A new scientific research denies that the Kalash, an isolated ethnic group living for centuries in Pakistan’s Hindu Kush mountain range, are the direct descendants of Alexander the Great’s ancient Greek-Macedonian armies that invaded the region in the fourth century B.C.
During the study, conducted by British, Italian and Pakistani scientists led by Qasim Ayub of the Wellcome Trust Sanger Institute in Cambridge and published in the American Journal of Human Genetics, researchers analyzed DNA samples of 23 Kalash people living in three different valleys, as well as an individual’s genome.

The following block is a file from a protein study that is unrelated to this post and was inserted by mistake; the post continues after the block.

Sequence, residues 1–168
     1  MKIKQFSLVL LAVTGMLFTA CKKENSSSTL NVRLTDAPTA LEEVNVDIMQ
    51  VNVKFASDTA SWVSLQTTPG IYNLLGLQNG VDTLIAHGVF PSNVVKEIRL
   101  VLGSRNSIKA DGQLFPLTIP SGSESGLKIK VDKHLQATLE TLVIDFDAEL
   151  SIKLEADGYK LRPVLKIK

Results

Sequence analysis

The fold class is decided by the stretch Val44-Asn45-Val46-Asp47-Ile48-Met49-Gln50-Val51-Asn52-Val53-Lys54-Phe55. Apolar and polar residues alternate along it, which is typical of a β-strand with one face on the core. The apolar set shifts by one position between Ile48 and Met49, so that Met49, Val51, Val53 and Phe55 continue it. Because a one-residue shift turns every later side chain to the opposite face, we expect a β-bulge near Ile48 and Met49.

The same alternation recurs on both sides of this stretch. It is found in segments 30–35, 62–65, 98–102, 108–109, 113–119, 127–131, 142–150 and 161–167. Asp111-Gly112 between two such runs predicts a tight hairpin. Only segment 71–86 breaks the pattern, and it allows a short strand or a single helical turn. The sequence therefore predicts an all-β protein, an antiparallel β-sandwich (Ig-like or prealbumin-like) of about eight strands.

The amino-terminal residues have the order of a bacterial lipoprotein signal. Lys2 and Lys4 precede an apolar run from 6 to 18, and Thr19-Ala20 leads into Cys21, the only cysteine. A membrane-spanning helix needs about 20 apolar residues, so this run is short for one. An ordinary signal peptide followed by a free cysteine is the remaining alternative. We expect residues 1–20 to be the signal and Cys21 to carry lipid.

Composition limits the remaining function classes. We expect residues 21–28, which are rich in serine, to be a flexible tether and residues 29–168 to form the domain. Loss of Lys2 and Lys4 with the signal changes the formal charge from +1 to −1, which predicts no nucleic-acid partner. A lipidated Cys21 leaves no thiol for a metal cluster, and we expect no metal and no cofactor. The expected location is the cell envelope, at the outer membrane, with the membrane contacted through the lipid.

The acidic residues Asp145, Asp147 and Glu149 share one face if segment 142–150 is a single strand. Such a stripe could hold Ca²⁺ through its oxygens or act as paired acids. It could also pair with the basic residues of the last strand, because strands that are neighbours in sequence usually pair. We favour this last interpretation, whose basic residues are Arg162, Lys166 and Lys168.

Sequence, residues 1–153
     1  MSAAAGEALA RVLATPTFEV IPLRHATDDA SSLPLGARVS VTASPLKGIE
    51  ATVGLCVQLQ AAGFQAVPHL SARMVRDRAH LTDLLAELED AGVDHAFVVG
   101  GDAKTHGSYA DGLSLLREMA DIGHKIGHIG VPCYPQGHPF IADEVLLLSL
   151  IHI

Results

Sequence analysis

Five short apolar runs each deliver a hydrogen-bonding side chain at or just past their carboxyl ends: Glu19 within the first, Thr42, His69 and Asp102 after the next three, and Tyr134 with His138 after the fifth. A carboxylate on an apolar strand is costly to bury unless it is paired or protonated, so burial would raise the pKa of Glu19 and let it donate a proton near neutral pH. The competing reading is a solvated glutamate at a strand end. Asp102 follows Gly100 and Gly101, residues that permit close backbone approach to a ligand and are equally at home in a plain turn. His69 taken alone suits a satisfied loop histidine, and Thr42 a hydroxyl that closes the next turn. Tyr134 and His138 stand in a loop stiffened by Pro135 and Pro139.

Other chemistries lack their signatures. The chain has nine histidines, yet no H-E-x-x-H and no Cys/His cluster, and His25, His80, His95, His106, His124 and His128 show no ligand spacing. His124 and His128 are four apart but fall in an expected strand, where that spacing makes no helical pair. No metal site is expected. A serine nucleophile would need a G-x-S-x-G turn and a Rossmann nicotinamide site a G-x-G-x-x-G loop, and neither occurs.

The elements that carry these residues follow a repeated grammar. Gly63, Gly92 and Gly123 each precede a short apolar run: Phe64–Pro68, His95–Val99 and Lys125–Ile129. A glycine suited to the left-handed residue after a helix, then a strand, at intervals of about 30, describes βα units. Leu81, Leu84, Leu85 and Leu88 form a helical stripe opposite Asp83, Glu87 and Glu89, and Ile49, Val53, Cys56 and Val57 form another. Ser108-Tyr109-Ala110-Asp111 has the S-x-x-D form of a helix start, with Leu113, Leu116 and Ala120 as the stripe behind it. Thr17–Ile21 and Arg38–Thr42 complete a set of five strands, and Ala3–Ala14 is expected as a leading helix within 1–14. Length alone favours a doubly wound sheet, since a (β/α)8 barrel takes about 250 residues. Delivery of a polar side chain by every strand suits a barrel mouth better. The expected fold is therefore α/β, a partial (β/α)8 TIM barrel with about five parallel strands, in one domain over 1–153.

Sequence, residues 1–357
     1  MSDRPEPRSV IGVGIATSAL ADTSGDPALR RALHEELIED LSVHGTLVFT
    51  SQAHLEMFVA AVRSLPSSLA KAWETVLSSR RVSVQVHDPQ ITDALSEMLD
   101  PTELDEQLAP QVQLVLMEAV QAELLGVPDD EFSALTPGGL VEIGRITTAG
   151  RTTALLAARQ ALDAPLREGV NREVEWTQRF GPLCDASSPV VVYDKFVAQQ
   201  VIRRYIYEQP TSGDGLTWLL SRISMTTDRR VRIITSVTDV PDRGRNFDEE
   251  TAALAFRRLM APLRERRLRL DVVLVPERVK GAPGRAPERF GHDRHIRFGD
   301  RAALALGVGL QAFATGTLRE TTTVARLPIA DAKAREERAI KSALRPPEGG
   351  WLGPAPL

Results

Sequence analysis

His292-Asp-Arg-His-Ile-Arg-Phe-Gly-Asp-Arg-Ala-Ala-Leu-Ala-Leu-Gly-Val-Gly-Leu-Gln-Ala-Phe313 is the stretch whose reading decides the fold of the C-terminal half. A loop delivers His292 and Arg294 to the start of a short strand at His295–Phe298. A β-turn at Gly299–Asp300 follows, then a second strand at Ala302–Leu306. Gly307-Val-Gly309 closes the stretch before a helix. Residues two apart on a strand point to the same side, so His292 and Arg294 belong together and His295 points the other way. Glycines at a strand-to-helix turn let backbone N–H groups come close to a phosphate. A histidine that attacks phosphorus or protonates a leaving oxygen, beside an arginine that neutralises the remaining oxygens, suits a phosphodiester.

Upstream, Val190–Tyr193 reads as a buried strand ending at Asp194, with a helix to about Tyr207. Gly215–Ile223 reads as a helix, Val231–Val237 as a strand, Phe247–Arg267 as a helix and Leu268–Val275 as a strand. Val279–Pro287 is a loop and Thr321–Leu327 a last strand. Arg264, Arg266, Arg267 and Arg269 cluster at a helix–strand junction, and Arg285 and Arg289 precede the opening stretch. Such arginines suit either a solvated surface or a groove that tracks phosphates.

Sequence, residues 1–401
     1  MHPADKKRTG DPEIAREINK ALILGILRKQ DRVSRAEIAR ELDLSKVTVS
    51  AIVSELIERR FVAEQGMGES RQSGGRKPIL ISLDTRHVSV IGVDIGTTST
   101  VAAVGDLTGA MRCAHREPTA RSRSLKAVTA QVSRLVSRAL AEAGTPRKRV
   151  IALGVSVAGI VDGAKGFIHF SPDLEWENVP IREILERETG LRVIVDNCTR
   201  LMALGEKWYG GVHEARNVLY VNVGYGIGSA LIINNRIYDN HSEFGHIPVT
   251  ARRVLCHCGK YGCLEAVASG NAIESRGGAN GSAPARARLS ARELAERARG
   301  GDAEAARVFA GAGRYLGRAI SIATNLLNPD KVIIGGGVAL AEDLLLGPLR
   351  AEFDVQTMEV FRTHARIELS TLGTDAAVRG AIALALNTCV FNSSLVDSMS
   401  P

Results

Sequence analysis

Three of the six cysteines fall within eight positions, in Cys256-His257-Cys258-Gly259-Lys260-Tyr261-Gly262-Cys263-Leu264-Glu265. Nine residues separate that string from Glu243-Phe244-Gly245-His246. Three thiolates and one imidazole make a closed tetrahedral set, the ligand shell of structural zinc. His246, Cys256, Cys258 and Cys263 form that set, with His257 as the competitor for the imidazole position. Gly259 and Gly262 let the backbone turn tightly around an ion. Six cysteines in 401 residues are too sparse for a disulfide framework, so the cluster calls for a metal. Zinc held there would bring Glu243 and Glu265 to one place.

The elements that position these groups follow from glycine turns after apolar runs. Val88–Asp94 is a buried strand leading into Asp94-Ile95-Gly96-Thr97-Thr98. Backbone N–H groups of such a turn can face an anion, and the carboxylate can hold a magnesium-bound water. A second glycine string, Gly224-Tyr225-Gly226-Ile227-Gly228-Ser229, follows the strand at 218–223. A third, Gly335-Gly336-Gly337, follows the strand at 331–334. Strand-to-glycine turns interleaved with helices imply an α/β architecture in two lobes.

The comparison of the DNA of Kalash people with the DNA of ancient hunter-gatherers and European farmers showed that the Kalash people have greater genetic affinity with paleolithic hunter-gatherers in Siberia and it is likely that they are an ancient tribe of northern Eurasia.
An earlier genetic analysis had reached the conclusion that between 900 and 210BC, a genetic miscegenation between Kalash and western Eurasians had occurred, associating the tribe with the invasion of Alexander the Great in the area in 327-326 BC.
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